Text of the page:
--If this movie did one thing exceptionally well, it was mixing up the normal pairings of crew members to allow those not often seen together a chance to play off each other. The heart of the franchise will always be the incomparable trio, but too often the other crew members are sacrificed for the relationship between Kirk, Spock, and Bones--and quite often even my dear Bones gets the short stick. The movie took a chance by having Kirk working with other people and keeping Bones and Spock together for a change. It worked! One of my favorite episodes from the Original Series is "Bread and Circuses" in which Spock and Bones have some time apart from Jim and you really see that while they might be wholly different in terms of philosophy, they still care for each other a great deal and would die for one another if they had to.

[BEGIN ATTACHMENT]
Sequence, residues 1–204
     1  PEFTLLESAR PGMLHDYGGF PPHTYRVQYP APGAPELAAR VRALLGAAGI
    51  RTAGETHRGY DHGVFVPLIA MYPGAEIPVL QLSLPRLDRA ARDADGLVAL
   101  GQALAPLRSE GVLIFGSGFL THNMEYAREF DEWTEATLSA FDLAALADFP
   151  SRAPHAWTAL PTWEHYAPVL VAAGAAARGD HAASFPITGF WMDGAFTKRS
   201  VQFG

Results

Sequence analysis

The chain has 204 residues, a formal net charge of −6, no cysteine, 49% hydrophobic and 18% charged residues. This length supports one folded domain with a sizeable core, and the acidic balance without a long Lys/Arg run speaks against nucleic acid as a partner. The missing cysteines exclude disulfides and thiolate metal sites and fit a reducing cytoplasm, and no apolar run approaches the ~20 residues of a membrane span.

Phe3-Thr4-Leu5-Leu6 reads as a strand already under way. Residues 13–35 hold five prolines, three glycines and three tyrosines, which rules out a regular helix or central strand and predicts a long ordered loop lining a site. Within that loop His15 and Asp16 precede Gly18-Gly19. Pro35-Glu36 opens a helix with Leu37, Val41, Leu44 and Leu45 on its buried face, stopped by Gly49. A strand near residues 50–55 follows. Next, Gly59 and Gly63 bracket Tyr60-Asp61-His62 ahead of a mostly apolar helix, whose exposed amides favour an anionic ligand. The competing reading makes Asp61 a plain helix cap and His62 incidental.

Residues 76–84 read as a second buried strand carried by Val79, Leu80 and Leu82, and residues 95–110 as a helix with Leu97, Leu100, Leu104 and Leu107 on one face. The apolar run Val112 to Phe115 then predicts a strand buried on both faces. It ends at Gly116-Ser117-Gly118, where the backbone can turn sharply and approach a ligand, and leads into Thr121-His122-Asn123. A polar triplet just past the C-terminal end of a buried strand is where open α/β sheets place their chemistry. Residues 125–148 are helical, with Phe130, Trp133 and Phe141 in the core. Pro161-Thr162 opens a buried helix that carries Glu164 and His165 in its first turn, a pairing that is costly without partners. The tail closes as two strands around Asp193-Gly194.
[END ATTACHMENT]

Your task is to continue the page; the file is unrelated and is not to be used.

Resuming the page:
--"You gave your girlfriend a tracking device?"
"...that was not my intent."

--The moment when Spock opens up Spock Prime's belongings and finds a picture of the Original Crew tore my insides up and it was all I could do not to cry in the theater. It keeps with the throughline of being your best self with others but it was also a very nice acknowledgement of the past history.

--Modern day science fiction has a nasty habit of thinking that it needs big battle sequences in order to be classified as Science Fiction. Nothing could be further from the truth and if you go back and watch many episodes of Star Trek (again, any series) you'll see that big battles in space are few and far between. Star Trek is more philosophical and introspective than constant torpedoes. While I understand that a big summer blockbuster is going to have at least one action sequence, having more than 4 in a two hour movie wears on the eyes, the ears, and patience.

--Props to Simon Pegg, who co-wrote the movie, for putting the humor back into Star Trek. There have always been witty exchanges among the Star Trek crew; in the last film that felt decidedly lacking.